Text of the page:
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I want to diagonalize (with a orthogonal change of coordinates) the quadratic form $F(x,y)=x^2-\frac{n-2}{\sqrt{n-1}}xy-y^2$. I already know that the system $(*)$ bellow \begin{eqnarray} x=&\frac{(\sqrt{n-1}+1)u+(\sqrt{n-1}-1)v}{\sqrt{2n}}\\ y=&\frac{(-\sqrt{n-1}+1)u+(\sqrt{n-1}+1)v}{\sqrt{2n}}, \end{eqnarray} does the work but, I'm trying to find this answer by myself. What I did was the following.

The symmetric matrix associated to $F$ is $$ A=\begin{pmatrix}1 & \frac{2-n}{2\,\sqrt{n-1}}\cr \frac{2-n}{2\,\sqrt{n-1}} & -1\end{pmatrix} $$ with eigenvalues $\pm\frac{n}{2\sqrt{n-1}}$ and corresponding eigenvectors \begin{align} v_1=&(1,\frac{\left( n-2\right) \,\sqrt{n-1}}{\sqrt{n-1}\,n-2\,n+2})\\ v_2=&(1,-\frac{\left( n-2\right) \,\sqrt{n-1}}{\sqrt{n-1}\,n+2\,n-2}). \end{align}

As many textbooks teach, we define $$ P= \begin{pmatrix}1 & 1\cr \frac{\left( n-2\right) \,\sqrt{n-1}}{\sqrt{n-1}\,n-2\,n+2} & -\frac{\left( n-2\right) \,\sqrt{n-1}}{\sqrt{n-1}\,n+2\,n-2}\end{pmatrix}. $$ The inverse of $P$ is $$ P^{-1}= \begin{pmatrix}\frac{\sqrt{n-1}\,\left( {n}^{2}-4\,n+4\right) }{2\,\sqrt{n-1}\,{n}^{2}+4\,{n}^{2}-4\,n} & \frac{n-2}{2\,n}\cr \frac{\sqrt{n-1}\,\left( {n}^{2}-4\,n+4\right) }{2\,\sqrt{n-1}\,{n}^{2}-4\,{n}^{2}+4\,n} & \frac{2-n}{2\,n}\end{pmatrix}, $$ so we have $$P^{-1}\cdot A\cdot P=\begin{pmatrix}-\frac{n}{2\sqrt{n-1}} & 0\cr 0 & \frac{n}{2\sqrt{n-1}}\end{pmatrix}.$$ That is, the matrix $P$ gives a change of coordinates that diagonalizes $A$ but it is far from being orthogonal.

So, how could I find the change of coordinates $(*)$?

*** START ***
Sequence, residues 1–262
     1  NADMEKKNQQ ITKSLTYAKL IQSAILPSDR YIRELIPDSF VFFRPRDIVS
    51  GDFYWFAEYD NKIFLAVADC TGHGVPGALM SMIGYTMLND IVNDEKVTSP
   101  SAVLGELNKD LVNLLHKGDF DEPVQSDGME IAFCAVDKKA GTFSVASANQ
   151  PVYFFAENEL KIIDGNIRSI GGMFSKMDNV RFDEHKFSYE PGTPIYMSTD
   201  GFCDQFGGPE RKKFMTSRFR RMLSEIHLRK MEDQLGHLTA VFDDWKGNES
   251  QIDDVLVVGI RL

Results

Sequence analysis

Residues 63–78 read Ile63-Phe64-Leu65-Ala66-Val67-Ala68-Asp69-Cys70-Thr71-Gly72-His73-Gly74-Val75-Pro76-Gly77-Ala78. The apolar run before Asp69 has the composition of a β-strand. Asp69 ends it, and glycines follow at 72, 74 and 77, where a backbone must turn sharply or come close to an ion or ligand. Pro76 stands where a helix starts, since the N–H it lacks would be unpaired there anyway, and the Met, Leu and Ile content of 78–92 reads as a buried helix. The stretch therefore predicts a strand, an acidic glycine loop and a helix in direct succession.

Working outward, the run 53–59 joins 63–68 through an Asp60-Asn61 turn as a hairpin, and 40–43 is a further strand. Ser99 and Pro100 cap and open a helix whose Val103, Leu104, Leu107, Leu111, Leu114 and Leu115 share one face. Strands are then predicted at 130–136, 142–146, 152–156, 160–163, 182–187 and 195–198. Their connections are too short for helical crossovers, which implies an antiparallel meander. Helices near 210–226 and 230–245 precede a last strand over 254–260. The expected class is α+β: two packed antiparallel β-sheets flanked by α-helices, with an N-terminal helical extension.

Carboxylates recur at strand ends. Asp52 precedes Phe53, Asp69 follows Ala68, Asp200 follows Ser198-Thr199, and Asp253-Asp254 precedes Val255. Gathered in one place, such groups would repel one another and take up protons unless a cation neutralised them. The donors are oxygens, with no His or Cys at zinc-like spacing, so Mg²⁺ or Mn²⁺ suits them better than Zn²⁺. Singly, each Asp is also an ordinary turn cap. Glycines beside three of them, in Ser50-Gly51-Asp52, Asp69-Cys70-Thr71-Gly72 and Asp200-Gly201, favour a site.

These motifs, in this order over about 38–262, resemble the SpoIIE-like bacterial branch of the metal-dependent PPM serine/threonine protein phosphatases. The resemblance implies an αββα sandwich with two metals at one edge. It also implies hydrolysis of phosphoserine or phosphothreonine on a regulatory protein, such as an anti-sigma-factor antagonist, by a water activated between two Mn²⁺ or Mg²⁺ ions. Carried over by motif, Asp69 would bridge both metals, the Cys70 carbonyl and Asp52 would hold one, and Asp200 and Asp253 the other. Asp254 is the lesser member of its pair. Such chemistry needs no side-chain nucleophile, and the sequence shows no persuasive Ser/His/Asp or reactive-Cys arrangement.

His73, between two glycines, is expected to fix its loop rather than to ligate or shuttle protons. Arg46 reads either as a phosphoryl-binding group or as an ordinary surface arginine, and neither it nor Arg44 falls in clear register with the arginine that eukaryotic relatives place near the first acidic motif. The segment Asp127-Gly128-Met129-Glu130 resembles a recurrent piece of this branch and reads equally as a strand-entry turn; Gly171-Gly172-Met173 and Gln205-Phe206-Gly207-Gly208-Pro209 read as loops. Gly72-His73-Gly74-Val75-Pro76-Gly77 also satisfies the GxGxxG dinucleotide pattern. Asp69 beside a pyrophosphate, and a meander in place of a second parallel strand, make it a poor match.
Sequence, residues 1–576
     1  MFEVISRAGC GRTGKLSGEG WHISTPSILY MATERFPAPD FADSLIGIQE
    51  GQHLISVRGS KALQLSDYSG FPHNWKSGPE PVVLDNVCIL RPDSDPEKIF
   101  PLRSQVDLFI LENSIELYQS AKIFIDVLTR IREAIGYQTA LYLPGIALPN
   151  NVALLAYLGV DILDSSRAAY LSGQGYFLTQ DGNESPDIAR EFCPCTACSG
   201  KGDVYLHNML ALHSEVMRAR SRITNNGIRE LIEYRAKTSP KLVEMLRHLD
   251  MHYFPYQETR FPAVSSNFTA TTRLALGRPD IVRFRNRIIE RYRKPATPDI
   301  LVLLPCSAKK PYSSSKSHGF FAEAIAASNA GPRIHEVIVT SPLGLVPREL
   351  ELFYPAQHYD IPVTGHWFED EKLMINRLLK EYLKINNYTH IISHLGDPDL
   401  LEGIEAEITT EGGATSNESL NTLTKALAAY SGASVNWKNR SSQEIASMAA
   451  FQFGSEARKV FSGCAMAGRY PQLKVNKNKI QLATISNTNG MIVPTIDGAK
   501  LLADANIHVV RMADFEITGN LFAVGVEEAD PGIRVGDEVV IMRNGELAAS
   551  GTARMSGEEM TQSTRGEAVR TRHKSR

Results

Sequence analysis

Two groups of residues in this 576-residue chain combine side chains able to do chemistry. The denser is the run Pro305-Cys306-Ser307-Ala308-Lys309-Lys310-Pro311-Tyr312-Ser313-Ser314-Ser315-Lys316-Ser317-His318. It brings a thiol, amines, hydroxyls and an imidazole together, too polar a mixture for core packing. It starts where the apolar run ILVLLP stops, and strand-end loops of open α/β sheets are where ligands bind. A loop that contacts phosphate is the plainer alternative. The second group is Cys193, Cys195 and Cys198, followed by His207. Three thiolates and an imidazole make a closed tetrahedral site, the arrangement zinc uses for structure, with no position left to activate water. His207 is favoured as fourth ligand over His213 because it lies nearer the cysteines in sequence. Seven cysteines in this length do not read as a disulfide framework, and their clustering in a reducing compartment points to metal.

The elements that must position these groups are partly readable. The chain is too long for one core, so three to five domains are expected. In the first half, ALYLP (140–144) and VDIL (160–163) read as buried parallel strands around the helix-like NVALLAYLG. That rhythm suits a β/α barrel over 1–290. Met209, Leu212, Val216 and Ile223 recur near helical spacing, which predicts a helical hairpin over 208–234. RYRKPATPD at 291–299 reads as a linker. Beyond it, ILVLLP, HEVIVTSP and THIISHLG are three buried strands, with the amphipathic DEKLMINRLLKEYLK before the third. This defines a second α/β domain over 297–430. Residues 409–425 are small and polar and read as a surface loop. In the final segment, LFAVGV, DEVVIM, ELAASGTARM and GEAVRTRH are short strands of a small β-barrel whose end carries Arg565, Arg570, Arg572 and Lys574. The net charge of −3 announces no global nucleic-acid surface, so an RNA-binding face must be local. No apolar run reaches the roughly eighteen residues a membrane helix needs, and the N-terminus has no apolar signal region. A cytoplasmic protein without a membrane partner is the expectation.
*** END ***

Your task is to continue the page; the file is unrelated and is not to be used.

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I've edited your post to say "quadratic" instead of "bilinear". –  Alex Youcis Dec 10 '12 at 13:17
    
It's ok Alex, but is it wrong to call that function a bilinear form? –  Son Dec 10 '12 at 13:27
    
Technically yes. This is because "bilinear" means "linear in entry seperately"--something your function is not. For example, $F(2,0)=4$ which is not equal to $2F(1,0)=2$, but for a bilinear form $F(\lambda x,y)=\lambda F(x,y)$ for all variables $\lambda,x,y$. I hope this helps! :) –  Alex Youcis Dec 10 '12 at 13:38
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1 Answer 1

It's not far from being orthogonal; you just failed to normalize the columns. Being the eigenvectors of a symmetric matrix, they're already orthogonal; if you normalize them, $P$ will be orthogonal and $P^{-1}AP$ will still be diagonal.

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Ok Joriki, but how about the change of coordinates (*). How could I find it? A hint would be very nice. –  Son Dec 10 '12 at 17:12
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